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Ayende Rahien is working for Hibernating Rhinos LTD, a Israeli based company producing developer productivity tools for OLTP applications such as NHibernate Profiler (nhprof.com), Linq to SQL Profiler(l2sprof.com), Entity Framework Profiler (efprof.com) and more. Ayende is a DZone MVB and is not an employee of DZone and has posted 481 posts at DZone. You can read more from them at their website. View Full User Profile

Bug hunting in a massively multi threaded environment

02.19.2013
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We got a really nasty bug report from a user. Sometimes, out of the blue, RavenDB would throw an error:

System.InvalidOperationException: Collection was modified; enumeration operation may not execute.
   at System.Collections.Generic.List`1.Enumerator.MoveNextRare()
   at Raven.Json.Linq.RavenJArray.WriteTo(JsonWriter writer, JsonConverter[] converters) in c:\Builds\RavenDB-Stable\Raven.Abstractions\Json\Linq\RavenJArray.cs:line 174
   at Raven.Json.Linq.RavenJObject.WriteTo(JsonWriter writer, JsonConverter[] converters) in c:\Builds\RavenDB-Stable\Raven.Abstractions\Json\Linq\RavenJObject.cs:line 275
   at Raven.Json.Linq.RavenJObject.WriteTo(JsonWriter writer, JsonConverter[] converters) in c:\Builds\RavenDB-Stable\Raven.Abstractions\Json\Linq\RavenJObject.cs:line 275

Unfortunately, this error only happened once in a while, usually when the system was under load. But they weren’t able to provide a repro for that.

Luckily, they were able to tell us that they suspected that this is related to the replication support. I quickly setup a database with replication and wrote the following code to try to reproduce this:

using(var store = new DocumentStore
{
    Url = "http://localhost:8080",
    DefaultDatabase = "hello"
}.Initialize())
{
    using(var session = store.OpenSession())
    {
        session.Store(new ReadingList
        {
            UserId = "test/1",
            Id = "lists/1",
            Books = new List<ReadingList.ReadBook>()
        });
        session.SaveChanges();
    }
    Parallel.For(0, 100, i =>
    {
        while (true)
        {
            try
            {
                using (var session = store.OpenSession())
                {
                    session.Advanced.UseOptimisticConcurrency = true;
                    session.Load<ReadingList>("lists/1")
                            .Books.Add(new ReadingList.ReadBook
                            {
                                ReadAt = DateTime.Now,
                                Title = "test " + i
                            });
                    session.SaveChanges();
                }
                break;
            }
            catch (ConcurrencyException)
            {
                
            }
        }
    });
}

And that reproduced the bug! Hurrah! Done deal, we can move on, right?

Except that the bug was only there when we have massive amount of threads hitting the db at once, and trying to figure out what is actually going on there was next to impossible using standard debugging tools. Instead, I reached down to my tracing toolbelt and starting pulling stuff out. First, we identified that the problem occurred when iterating over RavenJArray, which is our own object, so we added the following:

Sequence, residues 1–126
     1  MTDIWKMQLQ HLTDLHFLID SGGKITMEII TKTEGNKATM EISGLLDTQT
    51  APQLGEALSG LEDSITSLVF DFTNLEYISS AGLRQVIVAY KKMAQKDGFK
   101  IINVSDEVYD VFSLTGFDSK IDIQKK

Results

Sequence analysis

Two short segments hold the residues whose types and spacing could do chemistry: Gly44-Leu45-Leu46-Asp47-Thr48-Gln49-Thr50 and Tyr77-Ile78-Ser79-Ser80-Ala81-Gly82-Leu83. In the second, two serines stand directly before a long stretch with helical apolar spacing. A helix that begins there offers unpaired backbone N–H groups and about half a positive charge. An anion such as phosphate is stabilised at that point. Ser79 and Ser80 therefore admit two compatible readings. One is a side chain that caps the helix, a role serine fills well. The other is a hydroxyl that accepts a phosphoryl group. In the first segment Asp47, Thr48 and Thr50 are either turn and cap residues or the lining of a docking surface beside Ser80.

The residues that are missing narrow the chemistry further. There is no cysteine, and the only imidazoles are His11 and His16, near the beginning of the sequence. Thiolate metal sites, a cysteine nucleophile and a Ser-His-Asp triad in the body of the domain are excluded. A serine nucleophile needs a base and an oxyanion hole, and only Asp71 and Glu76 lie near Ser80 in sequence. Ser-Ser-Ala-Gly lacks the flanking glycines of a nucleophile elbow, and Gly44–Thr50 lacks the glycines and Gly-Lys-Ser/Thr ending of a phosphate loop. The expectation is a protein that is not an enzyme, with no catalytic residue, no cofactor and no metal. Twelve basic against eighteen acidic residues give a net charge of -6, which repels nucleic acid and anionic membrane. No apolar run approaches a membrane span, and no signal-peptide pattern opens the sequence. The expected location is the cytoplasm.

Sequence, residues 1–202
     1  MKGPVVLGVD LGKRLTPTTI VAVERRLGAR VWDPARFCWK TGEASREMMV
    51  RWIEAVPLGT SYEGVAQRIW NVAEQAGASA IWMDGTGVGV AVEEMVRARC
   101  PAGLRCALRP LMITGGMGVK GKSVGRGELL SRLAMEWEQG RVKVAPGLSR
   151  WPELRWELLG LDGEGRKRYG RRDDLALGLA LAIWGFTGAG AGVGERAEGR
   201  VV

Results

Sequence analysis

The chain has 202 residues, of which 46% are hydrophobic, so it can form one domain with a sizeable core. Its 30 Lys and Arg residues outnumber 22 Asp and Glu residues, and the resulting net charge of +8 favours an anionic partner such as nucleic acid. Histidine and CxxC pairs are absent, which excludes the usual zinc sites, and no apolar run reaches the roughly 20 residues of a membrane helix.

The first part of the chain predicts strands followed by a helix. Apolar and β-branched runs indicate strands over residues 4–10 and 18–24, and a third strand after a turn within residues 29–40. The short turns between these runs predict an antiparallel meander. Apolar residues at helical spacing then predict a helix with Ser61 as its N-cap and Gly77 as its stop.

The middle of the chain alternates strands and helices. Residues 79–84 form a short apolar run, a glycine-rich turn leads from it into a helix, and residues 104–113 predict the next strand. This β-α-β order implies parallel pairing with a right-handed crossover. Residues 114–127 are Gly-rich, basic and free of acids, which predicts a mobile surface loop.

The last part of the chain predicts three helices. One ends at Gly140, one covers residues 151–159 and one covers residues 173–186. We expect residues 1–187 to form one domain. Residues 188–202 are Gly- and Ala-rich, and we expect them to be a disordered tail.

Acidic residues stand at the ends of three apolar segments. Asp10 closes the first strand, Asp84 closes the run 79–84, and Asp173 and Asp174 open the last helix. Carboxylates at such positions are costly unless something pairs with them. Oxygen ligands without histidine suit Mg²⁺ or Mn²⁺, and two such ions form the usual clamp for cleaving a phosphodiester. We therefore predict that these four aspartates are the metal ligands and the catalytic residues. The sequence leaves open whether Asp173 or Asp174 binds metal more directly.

ConcurrentQueue<StackTrace>  addStackTraces = new ConcurrentQueue<StackTrace>();

        public void Add(RavenJToken token)
        {
            if (isSnapshot)
                throw new InvalidOperationException("Cannot modify a snapshot, this is probably a bug");

            addStackTraces.Enqueue(new StackTrace(true));

            Items.Add(token);
        }

And this one (where the exception is raised):

public override void WriteTo(JsonWriter writer, params JsonConverter[] converters)
{
    writer.WriteStartArray();

    if (Items != null)
    {
        try
        {
            foreach (var token in Items)
            {
                token.WriteTo(writer, converters);
            }
        }
        catch (InvalidOperationException e)
        {
            foreach (var stackTrace in addStackTraces)
            {
                Console.WriteLine(stackTrace);
            }
            throw;
        }
    }

    writer.WriteEndArray();
}

With the idea that we would actually be able to get what is going on there. By tracking down who added items to this particular instance, I hoped that I would be able to figure out why we have an instance that is shared among multiple threads.

When I had that, it was pretty easy to see that it was indeed the replication bundle that was causing the issue. The problem was that the replication bundle was modifying an inner array inside the document metadata. We protected the root properties of the metadata from concurrent modifications, and most of the time, it works just fine. But the problem was that now we had a bundle that was modifying a nested array, which wasn’t protected.

This is one of those bugs that are really hard to catch:

  • My understanding of the code said that this is not possible, since I believed that we protected the nested properties as well*.
  • This bug will only surface if and only if:
    • You have the replication bundle enabled.
    • You have a great deal of concurrent modifications (with optimistic concurrency enabled) to the same document.
    • You are unlucky.

I was grateful that the user figured out the replication connection, because I already sat on that bug previously, and there was no way I could figure out what is going on unless I had the trace to point me to where the actual problem was.


Published at DZone with permission of Ayende Rahien, author and DZone MVB. (source)

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